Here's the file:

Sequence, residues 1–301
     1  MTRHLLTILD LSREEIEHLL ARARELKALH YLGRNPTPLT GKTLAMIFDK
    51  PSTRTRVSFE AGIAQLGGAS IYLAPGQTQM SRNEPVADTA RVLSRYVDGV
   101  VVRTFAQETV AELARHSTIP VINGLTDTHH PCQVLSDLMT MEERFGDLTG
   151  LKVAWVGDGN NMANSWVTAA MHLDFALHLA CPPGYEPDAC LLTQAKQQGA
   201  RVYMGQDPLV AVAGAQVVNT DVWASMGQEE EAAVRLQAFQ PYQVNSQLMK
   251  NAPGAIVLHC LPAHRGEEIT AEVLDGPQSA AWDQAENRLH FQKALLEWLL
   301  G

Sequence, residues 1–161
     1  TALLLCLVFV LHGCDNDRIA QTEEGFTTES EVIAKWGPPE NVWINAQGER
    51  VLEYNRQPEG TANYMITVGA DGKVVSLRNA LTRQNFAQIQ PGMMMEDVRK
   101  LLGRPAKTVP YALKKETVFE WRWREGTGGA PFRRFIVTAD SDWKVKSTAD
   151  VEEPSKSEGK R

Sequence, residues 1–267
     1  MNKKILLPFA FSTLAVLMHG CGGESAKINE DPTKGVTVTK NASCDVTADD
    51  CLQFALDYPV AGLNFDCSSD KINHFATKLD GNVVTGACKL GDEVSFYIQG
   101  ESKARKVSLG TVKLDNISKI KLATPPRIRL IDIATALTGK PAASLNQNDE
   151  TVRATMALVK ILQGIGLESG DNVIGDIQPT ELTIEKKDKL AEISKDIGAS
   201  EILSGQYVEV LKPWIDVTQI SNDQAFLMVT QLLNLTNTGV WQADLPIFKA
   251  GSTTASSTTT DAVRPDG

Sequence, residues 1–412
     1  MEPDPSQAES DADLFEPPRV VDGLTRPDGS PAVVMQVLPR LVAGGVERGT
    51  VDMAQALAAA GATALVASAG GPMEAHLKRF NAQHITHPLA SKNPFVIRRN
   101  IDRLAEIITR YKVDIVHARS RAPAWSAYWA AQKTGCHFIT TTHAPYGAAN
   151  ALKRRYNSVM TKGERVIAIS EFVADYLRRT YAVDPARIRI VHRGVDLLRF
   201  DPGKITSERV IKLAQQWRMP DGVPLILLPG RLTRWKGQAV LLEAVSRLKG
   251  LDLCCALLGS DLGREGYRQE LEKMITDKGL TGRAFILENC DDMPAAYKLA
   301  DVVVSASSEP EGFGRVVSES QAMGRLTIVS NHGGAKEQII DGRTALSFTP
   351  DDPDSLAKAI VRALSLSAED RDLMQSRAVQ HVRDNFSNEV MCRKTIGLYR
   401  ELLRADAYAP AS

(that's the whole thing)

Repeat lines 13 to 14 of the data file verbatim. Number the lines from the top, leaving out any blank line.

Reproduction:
   151  VEEPSKSEGK R

Sequence, residues 1–267